Create a new thread in the US Reviews comments forum about this subject
This thread is closed for comments
60 comments
Comment from the forums
    Your comment
  • RedJaron
    After this latest build, I think I'm AMD'd and ITX'd out for a bit. Next quarter it's time to build a nice, simple machine.
  • Joe Black
    I get that a small form factor lan box is desirable, but the option existed to put together a build on a more traditional form factor and include an FX 8-core processor like the 8350 for only $10 more than the i3. Tom's own charts show that they are decent performers and personally I'd be happy to forego the small box for a better processor.

    Edit: Note that I referred to this pricing: http://shop.amd.com/en-us/components/processors/FD8350FRHKBOX#
    Not sure how accurate it is.
  • Onus
    Is the 860K a viable chip? Sure it is. AMD fanboys need to sit down and take their licks though, because in performance, power usage, and build/tweak time, the game is up; a non-"experimenter" should now always choose Intel. I hope Zen makes a difference, but remember people (including myself) had high hopes for Bulldozer too, and we know how that turned out.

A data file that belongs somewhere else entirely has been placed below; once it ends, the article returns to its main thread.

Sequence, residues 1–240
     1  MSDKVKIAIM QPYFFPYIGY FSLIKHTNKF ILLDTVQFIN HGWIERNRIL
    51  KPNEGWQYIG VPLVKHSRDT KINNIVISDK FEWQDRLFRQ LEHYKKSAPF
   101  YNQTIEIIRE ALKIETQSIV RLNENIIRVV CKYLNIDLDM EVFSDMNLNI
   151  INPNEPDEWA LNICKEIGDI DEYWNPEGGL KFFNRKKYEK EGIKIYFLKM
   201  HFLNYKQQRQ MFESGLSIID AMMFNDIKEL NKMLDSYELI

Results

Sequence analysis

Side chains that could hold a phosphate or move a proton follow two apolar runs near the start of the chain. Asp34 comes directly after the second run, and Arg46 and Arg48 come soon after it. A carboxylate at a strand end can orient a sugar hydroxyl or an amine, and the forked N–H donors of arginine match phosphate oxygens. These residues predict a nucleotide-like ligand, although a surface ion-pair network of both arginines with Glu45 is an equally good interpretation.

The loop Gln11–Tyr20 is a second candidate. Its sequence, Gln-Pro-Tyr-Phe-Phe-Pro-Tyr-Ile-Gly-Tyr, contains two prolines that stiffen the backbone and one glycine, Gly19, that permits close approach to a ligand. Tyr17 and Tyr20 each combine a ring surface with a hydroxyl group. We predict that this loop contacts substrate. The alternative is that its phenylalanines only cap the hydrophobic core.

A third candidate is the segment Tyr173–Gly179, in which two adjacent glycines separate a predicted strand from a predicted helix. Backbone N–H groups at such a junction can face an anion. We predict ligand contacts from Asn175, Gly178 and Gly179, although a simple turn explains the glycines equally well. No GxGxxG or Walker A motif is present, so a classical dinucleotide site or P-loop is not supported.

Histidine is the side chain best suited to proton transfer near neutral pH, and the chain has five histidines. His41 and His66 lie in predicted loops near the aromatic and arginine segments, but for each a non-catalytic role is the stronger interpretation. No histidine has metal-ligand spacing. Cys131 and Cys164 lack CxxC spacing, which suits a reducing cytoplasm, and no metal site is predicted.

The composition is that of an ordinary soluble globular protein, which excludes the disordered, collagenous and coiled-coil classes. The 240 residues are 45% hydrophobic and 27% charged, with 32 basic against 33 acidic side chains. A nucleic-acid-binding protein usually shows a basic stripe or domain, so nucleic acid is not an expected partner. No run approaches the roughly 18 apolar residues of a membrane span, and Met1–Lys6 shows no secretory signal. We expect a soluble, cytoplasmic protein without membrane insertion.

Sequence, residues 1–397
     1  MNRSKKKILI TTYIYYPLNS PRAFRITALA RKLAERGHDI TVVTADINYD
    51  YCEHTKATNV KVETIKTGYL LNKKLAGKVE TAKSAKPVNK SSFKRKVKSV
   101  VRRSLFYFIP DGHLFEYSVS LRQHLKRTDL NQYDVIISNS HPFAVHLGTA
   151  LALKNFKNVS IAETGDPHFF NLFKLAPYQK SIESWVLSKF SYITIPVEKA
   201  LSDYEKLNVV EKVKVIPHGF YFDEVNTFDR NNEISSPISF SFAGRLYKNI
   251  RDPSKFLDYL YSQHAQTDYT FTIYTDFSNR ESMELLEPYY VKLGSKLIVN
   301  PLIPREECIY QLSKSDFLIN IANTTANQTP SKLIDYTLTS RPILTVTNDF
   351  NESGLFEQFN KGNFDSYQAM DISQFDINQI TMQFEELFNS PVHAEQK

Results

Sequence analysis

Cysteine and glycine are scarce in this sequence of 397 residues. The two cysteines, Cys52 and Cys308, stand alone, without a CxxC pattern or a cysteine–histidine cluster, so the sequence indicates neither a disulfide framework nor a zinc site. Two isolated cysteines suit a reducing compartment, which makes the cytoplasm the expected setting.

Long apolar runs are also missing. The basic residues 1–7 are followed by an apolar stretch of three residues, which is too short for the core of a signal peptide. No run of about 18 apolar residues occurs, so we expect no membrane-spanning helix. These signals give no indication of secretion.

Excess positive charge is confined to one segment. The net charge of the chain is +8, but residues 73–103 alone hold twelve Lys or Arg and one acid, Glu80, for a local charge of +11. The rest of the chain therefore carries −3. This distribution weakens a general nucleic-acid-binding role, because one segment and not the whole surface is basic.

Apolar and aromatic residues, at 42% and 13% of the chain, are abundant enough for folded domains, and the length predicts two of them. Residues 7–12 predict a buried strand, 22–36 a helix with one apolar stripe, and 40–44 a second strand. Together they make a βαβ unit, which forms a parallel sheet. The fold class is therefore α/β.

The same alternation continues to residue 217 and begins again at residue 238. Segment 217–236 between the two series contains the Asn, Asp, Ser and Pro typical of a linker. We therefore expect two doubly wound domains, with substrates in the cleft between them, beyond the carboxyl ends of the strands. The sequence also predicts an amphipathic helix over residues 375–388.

Solid data point!
  • chesteracorgi
    Using yesterday's i3 is a cheat against Intel. I just built an i3 6100 for my Grandson, and it rips up the Sandybridge 2500K in gaming. The build:

    Corsair Carbide Spec 1 case (with an extra 120mm fan.
    Intel i3 6100
    ARRock Z170 Gaming K4
    CoolerMaster Hyper T2 cooler
    LG DVD reader/writer
    Samsung 850 EVO 250GB
    GSkill DDR4 3200 Ripjaws 2X 4 GB
    PowerColor R9 380 4GB RAM
    Corsair RM 750W PSU
    CM Storm Devastator KB & Mouse
    ASUS 23.6 in monitor (2ms gtg)

    At a little over $800 I'll put it up against your $1000 and $1100 builds in gaming.
  • filippi
    +1 chesteracorgi. We prob will see some i3-6100@4.4GHz / i5-6400@4.5GHz paired with the newegg $80 ASRock Z170 Pro4S next SBM :D
  • DonkeyOatie
    Data is always helpful. Thanks for spending the time to collect it.
  • James Mason
    What if on the next SBM, you guys each start with 1 of the 3 goals, choose/make your build, and then pass it to one of the others, to make any refinements they see to it, and then pass it a 3rd time again for further refinements, to achieve "peer reviewed" build to see how instead of competing but actually kind of working together to all make the best you can while being able to take in ideas the original builder may not have though of.
  • RedJaron
    Anonymous said:
    At a little over $800 I'll put it up against your $1000 and $1100 builds in gaming.